Alex Collins worked at Google for four years before he made the scary decision to ditch his comfortable, well-salaried job to make music.
The company hired him back in 2010 as part of its associate product manager program, one of Google’s most elite entry-level positions. After that two-year rotational, he took a product management position with the search ads team.
Collins has always been really passionate about music, though. He started playing piano and trombone at a young age. Later in life, he got into producing and mixing; DJ’ing several parties a week helped him pay for his last two years of college. Last year, he realised how much he missed it, and started spending all his free time writing and producing music. He took a two-month leave from Google to see if it was something he could picture himself pursuing full time and it felt right. This July, he decided to quit Google entirely.
“I think my parents are still coming to terms with it,” he laughs. “They’re like, ‘Oh, this Google thing seemed like a really good gig. Why are you screwing it up?'”
But Collins knew he had to give music a try. He plans to release an EP or album under the name Edison Field by the beginning of the new year. Collins told Business Insider that a big part of his decision to take the leap came from an approach to goal-setting that he learned at Google.
“At Google, I learned how to create structure where there is none,” he says. “As a product manager, you’ll be given, like, ‘Go design a self-driving car or a computer you can wear on your head or a brand-new ad format.’ And it’s kind of limitless. And you have to figure out, OK, how do I actually do that, what are the steps?”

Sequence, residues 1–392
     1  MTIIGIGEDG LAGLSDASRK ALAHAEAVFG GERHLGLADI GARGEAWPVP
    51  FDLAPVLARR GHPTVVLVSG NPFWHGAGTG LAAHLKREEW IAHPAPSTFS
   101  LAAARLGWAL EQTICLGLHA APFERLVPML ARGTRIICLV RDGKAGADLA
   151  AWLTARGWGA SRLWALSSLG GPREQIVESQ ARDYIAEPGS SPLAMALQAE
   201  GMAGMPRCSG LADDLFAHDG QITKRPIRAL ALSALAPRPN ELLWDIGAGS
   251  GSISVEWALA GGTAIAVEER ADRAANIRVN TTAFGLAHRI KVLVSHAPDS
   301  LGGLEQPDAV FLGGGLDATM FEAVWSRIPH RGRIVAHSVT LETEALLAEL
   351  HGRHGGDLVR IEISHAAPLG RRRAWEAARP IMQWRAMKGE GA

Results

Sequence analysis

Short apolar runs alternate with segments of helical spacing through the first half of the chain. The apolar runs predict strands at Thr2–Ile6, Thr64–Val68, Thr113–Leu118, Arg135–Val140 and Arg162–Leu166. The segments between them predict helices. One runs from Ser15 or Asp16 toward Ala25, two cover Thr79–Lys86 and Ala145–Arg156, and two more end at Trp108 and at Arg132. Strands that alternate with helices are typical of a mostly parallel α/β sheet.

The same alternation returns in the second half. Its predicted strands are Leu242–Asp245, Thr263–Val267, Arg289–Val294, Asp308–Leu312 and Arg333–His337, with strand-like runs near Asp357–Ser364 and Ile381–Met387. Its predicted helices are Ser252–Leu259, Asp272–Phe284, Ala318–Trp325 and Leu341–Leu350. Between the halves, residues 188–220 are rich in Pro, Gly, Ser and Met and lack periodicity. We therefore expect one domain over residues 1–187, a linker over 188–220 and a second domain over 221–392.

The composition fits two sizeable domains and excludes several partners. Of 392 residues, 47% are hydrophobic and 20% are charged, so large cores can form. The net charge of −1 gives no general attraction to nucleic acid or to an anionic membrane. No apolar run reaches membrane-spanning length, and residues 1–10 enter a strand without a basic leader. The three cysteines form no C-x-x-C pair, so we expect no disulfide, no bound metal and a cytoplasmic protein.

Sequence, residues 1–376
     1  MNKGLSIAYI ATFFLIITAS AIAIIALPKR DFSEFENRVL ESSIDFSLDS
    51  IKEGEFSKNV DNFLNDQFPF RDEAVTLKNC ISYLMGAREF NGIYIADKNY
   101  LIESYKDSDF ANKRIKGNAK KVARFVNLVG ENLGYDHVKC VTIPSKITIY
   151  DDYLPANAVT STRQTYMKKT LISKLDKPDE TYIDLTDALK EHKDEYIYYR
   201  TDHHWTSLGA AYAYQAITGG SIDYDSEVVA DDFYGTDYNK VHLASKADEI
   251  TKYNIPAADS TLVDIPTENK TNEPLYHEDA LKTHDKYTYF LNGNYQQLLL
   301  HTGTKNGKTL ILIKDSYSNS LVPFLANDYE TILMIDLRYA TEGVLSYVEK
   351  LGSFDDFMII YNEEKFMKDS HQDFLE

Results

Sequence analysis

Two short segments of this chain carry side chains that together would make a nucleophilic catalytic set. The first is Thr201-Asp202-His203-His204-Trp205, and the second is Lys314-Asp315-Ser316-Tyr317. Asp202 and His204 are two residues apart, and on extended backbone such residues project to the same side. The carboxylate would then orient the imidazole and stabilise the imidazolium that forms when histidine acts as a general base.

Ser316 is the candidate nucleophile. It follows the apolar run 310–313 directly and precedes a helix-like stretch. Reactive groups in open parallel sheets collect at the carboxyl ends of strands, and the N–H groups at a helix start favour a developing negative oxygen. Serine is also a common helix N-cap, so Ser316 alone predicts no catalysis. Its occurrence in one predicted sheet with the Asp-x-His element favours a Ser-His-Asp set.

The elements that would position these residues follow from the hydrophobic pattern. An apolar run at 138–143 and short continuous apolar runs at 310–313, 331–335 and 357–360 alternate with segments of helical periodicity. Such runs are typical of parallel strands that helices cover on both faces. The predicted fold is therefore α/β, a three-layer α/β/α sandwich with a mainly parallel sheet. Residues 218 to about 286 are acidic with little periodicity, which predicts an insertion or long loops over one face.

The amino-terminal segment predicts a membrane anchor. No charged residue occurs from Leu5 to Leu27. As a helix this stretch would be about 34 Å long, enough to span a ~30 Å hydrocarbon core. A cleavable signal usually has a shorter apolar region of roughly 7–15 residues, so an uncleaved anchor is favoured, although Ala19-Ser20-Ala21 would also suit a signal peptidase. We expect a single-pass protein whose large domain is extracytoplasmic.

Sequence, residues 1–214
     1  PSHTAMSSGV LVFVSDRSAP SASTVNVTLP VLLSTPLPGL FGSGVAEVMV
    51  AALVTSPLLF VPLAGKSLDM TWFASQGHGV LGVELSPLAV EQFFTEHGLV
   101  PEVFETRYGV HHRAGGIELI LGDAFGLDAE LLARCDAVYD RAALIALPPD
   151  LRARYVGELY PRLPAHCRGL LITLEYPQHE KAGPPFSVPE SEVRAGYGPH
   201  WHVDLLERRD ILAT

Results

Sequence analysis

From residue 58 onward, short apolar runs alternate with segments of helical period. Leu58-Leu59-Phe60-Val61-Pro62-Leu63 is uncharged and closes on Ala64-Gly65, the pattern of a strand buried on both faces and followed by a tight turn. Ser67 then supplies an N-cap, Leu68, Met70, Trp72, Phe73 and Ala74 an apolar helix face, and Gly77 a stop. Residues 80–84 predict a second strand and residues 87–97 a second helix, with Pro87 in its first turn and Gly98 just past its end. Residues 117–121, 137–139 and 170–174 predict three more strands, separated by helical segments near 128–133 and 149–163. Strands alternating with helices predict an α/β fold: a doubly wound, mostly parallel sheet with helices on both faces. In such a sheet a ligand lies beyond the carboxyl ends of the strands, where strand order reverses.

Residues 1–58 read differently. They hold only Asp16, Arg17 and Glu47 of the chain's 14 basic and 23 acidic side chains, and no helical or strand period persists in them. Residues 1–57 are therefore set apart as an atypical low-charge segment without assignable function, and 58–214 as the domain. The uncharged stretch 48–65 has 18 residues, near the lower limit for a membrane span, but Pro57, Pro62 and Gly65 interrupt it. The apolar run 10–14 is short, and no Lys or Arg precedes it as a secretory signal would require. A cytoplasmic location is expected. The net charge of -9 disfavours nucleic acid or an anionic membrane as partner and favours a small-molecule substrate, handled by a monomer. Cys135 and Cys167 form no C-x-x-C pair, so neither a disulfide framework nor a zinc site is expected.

Google can take on huge projects by breaking them down using what’s called the OKR organizational system, which guides people through objectives and key results. Collins used the same idea when he quit Google, building himself a very defined structure and timeline.
In September he completed a “30-in-30” challenge where he had to create a completely new track every day. He plans to spend October refining those beginnings and picking the best ones. In November he will mix and master them. In December he will begin his marketing efforts. Then, in January, he will release the album. By turning a nebulous idea like quitting his job to “make music” into a set of concrete steps with clear, quantifiable results, he felt emboldened to take on his dream.